Is the Gig Economy More Myth Than Reality?

The “gig economy” has been called a game changer for the relationship between companies and their employees. The rise of Uber, Lyft, GrubHub and others has drawn a good deal of attention to alternative work arrangements.

But a recent Bureau of Labor Statistics (BLS) report calls into question how much of a trend the gig economy really is. In fact, the BLS findings actually show a slight decline in the number of US workers employed in alternative work arrangements between 2005 and 2017, turning what was thought to be the conventional wisdom upside down.

On my new XpertHR podcast, Portland employment attorney Richard Meneghello calls the report into question and expresses dismay with the results. Meneghello heads the Gig Economy Practice Group at Fisher Phillips and notes that the report failed to include certain categories of workers, including online workers and those with full-time jobs who perform gig work on the side to supplement their income.

“This report should not lead anyone to believe that the gig economy is not a growing force in the nation’s economy,” said Meneghello. “I don’t think you will see it slow down any time soon.”

He adds that Uber and Lyft drivers in particular are doing such work on the side, so to not include those workers in the report means that a huge segment of the workforce is not being counted. “Given the fact that most gig economy companies rely upon workers picking up side jobs to carry out their work, this seems like an awfully big oversight that might cause one to ignore the data altogether,” says Meneghello.

But the Portland management-side attorney acknowledges this is easier said than done.  The problem with the report, he contends, is that if regulators conclude that the gig economy is no more than a passing fad, then key classification issues could be left unanswered and lead to more litigation.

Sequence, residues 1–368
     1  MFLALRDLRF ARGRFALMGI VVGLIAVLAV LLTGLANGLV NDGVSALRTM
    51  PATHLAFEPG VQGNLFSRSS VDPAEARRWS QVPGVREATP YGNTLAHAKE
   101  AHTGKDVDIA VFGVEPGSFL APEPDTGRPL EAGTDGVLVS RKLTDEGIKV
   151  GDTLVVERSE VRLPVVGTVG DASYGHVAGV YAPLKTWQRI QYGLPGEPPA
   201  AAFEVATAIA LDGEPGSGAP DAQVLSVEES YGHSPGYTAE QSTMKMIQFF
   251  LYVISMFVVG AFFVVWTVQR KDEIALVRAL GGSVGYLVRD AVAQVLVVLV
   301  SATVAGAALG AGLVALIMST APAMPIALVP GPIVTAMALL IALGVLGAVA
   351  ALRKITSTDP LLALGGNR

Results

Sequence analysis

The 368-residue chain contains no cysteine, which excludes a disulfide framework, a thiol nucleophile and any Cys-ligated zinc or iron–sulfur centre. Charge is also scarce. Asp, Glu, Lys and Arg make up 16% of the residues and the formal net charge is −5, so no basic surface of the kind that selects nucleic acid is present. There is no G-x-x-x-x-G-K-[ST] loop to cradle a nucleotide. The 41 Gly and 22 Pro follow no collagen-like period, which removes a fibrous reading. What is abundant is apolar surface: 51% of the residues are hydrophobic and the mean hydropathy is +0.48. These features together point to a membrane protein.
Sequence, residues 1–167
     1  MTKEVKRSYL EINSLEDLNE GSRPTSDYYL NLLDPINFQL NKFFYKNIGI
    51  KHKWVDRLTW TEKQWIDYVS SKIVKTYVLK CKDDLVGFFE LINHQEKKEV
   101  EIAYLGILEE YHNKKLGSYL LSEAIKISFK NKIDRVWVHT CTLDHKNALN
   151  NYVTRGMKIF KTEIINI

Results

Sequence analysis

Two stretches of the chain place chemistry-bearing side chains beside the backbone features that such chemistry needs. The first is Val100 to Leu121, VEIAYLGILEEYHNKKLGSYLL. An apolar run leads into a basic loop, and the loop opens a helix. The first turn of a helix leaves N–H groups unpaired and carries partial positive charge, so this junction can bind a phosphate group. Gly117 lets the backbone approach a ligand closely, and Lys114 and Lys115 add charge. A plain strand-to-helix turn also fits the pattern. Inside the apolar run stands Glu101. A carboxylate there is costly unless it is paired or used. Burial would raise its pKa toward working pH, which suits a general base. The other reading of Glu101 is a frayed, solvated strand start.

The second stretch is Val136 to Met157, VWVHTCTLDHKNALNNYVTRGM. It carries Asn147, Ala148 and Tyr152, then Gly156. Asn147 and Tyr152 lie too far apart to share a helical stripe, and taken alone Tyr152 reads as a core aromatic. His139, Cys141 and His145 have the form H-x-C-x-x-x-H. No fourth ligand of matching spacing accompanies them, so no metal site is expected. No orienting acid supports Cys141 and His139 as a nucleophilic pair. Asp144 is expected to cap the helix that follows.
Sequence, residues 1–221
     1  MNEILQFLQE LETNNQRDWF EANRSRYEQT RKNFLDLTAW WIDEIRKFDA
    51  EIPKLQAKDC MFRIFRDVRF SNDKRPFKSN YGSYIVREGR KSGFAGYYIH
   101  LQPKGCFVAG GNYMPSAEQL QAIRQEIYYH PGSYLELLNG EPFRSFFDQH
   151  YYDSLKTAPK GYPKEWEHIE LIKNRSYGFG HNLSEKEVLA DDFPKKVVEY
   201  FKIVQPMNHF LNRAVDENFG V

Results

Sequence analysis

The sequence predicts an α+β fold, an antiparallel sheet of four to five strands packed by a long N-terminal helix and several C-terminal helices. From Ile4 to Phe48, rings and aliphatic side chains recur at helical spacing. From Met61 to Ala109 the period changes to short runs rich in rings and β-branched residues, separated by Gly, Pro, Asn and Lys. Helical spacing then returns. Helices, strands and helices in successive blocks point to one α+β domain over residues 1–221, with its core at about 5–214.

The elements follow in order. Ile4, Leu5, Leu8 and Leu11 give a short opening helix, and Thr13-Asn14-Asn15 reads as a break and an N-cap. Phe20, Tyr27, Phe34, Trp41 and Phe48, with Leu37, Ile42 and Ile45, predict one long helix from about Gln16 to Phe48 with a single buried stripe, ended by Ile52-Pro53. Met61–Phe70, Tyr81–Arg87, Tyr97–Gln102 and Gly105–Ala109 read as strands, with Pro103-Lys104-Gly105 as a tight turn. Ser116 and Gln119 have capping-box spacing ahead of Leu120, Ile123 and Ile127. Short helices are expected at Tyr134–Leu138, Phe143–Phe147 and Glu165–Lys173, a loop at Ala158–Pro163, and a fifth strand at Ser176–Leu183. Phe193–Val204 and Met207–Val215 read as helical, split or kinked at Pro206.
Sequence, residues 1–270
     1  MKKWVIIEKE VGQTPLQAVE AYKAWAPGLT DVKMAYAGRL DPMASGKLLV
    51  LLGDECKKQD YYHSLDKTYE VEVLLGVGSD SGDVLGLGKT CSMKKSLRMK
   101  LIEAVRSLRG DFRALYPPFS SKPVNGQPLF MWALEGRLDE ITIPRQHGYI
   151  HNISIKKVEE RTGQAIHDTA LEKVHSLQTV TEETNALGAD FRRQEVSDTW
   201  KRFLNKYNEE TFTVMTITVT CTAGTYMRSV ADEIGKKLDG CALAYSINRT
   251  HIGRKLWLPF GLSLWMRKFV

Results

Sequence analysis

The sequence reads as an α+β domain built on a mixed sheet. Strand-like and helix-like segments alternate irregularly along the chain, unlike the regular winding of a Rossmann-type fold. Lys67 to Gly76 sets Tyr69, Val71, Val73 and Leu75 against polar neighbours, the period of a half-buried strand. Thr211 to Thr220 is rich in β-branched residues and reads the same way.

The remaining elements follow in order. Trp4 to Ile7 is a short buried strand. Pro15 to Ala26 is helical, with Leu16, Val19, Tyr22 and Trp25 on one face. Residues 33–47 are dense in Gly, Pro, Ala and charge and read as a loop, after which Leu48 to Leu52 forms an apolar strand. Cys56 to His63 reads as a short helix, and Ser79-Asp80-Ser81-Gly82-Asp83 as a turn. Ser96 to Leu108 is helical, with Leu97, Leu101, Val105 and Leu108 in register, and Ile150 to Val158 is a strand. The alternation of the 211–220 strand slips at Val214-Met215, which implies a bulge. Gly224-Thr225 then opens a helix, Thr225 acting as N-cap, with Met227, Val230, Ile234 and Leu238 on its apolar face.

“It could mean a continued bout of uncertainty when it comes to classifying these workers, whether they’re independent contractors or employees,” says Meneghello. “If you’re an HR professional right now, this report is not good news, and not because of what the data says but because of what it doesn’t say, because it didn’t include the full spectrum of gig workers.”

This report comes on the heels of the California Supreme Court’s Dynamex ruling that makes it significantly more challenging for companies to classify workers as independent contractors rather than employees. Dynamex established an employee-friendly “ABC test,” under which a worker will be considered an employee under California’s wage orders unless the hiring entity can show that the worker:

  • Is free from control and direction of the work, both under the contract and in fact;
  • Performs work that is outside the usual course of its business; and
  • Is customarily engaged in an independently established trade, occupation or business.

Some have called Dynamex a “major setback for gig economy companies.” But it’s likely not the last word on the issue. For more insights on the gig economy, listen in to our XpertHR podcast.